Hard News by Russell Brown


Friday Music: Starting Early

Consider Joel Little. He begins the week with a Grammy and now concludes it with the release of the debut EP from his next thing. Broods, who signed a remarkable international recording contract two months ago, have a self-titled EP out today:

It's quite unlike the recordings Little has produced with Lorde -- full-spectrum electro-folk versus the stark, disruptive pop of Pure Heroine -- and it's not hard to hear the Nelson sunshine in it. I think the hit here is 'Coattails', with its grand, surging chorus.

Notch up another one for the Smokefree Rockquest, which Georgia and Caleb Nott won in 2011 with their high school band The Peasants. The Peasants didn't do much -- they broke up after one NZ On Air grant -- but you can hear the roots of Broods' sound in the one single they did get recorded.

The Rockquest experience introduced them to Little, who was acting as a judge. And through him, to the managers who later negotiated Broods' record deal. The same management didn't quite get Little's first production and co-writing project, Kids of 88, over the line internationally, but the lessons learned then have been to the good of Broods.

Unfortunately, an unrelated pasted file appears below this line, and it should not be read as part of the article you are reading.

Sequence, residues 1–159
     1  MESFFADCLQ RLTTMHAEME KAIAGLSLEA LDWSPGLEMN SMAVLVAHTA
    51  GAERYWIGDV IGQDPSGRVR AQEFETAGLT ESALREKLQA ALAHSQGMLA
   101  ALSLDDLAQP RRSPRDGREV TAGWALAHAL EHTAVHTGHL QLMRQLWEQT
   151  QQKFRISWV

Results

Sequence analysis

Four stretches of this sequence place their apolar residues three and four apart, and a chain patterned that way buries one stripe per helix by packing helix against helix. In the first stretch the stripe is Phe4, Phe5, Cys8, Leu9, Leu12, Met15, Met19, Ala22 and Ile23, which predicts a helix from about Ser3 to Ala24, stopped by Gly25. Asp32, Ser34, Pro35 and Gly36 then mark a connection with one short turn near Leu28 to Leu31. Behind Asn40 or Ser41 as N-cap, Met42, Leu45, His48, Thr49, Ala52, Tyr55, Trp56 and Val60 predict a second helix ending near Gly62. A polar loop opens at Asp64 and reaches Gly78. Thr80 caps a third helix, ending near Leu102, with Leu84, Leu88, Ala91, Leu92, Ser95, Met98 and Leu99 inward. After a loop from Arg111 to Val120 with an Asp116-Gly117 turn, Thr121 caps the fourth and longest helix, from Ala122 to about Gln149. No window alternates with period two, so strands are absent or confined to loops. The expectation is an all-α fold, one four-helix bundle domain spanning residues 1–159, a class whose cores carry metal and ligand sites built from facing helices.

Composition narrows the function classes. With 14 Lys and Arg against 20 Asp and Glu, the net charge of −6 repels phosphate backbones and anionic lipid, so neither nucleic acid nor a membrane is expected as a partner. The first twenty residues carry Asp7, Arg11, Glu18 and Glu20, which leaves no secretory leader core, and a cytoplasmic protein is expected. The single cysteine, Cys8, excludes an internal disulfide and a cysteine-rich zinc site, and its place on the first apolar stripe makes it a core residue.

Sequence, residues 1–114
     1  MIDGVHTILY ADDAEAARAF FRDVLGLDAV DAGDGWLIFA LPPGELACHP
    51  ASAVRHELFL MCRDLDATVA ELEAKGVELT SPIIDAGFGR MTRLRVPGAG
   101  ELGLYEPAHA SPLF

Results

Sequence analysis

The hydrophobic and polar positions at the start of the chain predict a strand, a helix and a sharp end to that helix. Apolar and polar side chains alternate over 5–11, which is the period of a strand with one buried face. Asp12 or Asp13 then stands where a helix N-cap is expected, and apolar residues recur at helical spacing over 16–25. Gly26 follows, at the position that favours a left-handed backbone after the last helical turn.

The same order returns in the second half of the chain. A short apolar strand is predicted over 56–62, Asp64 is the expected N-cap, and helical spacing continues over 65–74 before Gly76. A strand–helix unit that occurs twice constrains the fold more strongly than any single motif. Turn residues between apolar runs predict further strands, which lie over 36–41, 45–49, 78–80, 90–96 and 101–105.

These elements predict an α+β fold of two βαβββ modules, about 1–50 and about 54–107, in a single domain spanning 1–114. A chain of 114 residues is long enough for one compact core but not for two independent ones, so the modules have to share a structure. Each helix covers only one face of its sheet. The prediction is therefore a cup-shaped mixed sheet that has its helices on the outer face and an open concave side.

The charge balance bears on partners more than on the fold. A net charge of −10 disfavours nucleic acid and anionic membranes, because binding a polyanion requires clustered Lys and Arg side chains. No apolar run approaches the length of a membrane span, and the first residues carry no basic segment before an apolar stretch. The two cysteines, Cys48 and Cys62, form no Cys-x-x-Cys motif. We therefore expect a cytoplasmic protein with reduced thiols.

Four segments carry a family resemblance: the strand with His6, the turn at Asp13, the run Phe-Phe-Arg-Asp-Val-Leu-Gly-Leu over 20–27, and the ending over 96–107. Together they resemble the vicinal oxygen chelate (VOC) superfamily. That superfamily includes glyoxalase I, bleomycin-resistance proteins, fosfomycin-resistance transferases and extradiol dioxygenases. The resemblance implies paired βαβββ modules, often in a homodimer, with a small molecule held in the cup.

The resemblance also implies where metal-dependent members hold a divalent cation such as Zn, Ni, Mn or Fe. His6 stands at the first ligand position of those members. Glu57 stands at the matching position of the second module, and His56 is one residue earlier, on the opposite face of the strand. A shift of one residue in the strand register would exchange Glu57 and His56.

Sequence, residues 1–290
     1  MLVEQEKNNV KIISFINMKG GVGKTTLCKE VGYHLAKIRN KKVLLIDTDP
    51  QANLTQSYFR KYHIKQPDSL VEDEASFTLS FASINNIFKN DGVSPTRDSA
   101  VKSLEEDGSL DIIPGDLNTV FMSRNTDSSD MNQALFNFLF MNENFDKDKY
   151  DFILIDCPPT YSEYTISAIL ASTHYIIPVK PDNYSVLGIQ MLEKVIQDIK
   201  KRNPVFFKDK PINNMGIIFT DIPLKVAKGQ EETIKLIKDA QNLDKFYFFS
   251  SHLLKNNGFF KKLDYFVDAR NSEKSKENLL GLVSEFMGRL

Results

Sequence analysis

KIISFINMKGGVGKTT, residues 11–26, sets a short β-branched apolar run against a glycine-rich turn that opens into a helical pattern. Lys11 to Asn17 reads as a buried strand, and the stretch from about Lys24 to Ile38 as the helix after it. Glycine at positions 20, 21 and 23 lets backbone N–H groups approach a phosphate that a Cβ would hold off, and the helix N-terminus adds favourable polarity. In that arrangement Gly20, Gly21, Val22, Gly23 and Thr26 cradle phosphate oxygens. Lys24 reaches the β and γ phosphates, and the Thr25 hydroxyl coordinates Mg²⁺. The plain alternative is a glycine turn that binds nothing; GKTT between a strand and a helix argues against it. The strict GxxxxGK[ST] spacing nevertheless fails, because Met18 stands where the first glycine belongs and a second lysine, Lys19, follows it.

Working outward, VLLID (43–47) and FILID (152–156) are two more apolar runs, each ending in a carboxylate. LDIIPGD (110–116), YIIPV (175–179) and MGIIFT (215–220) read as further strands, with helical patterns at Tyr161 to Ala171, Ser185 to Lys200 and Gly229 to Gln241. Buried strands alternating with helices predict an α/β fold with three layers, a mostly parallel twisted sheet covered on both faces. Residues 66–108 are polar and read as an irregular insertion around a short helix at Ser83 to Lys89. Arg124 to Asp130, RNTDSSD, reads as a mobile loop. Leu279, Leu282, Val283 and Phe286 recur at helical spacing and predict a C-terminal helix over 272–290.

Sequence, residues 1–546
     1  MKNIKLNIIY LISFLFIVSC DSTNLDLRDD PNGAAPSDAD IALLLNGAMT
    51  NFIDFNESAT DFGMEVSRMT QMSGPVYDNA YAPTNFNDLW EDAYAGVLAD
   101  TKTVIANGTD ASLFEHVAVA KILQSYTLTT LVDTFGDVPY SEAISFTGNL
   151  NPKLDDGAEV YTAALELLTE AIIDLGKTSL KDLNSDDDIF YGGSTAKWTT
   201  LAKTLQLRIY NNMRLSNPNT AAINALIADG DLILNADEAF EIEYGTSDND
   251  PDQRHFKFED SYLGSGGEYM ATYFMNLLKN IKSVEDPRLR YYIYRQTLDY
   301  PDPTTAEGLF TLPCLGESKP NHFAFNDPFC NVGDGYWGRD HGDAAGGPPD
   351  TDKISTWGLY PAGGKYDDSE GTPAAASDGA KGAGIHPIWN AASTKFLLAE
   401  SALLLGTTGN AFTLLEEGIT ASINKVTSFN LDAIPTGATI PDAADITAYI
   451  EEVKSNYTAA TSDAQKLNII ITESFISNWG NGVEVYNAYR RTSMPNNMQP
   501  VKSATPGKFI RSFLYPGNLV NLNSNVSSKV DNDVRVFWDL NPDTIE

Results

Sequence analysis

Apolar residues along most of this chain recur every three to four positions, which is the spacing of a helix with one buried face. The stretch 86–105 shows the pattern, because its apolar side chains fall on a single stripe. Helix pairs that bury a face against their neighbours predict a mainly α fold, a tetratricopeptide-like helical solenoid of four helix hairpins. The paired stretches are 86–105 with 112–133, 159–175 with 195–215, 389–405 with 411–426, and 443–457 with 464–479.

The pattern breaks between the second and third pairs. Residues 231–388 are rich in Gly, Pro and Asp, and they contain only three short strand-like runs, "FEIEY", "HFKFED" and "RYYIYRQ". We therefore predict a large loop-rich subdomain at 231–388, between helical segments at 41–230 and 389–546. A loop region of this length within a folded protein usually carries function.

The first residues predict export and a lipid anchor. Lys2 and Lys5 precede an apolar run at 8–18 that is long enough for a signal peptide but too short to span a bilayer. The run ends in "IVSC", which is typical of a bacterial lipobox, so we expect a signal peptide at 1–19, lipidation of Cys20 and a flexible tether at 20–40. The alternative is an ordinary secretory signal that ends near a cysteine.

Beyond that, I think we're seeing the benefits of popular music performance being embraced by schools, celebrated and often formally incorporated in a programme of study. Almost no one goes on to their ultimate success with the band they formed at school (cf: Lorde and her boisterous metal covers bands on YouTube), but the benefits of starting early seem manifest. And talent quests actually don't seem to hurt.


To celebrate passing 50,000 plays on his Soundcloud page, young Auckland producer The Basement Tapes has posted his really nice remix of Massive Attack's 'Teardrop' as a free download:

You can also find his debut release, The Vapour EP, as a free download on Bandcamp.

I really loved the afternoon performance in the Laneway Thunderdome by another Auckland DJ-producer, High Hoops -- it was one of the highights of my day. Joyous, funky nu disco fun -- he even sings over his own tracks. His set included this:

So where are the new tracks, bro?


Jackson has a great photo-post and subsequent discussion about Laneway (and Lorde), but just let me say this: toilets. There were heaps of them. About twice as many as the Big Day Out for a third as many people. There were queues, but they moved quickly by comparison. Ditto for the bars.

This was the year that the promoters got the Silo Park site about as right as possible -- especially in moving the Pretty Important People (sic) bar over to the far corner of the site, by the water, freed up a precious grassed area by the main stages for public use. Ironically, it's the last year they'll be able to use this site.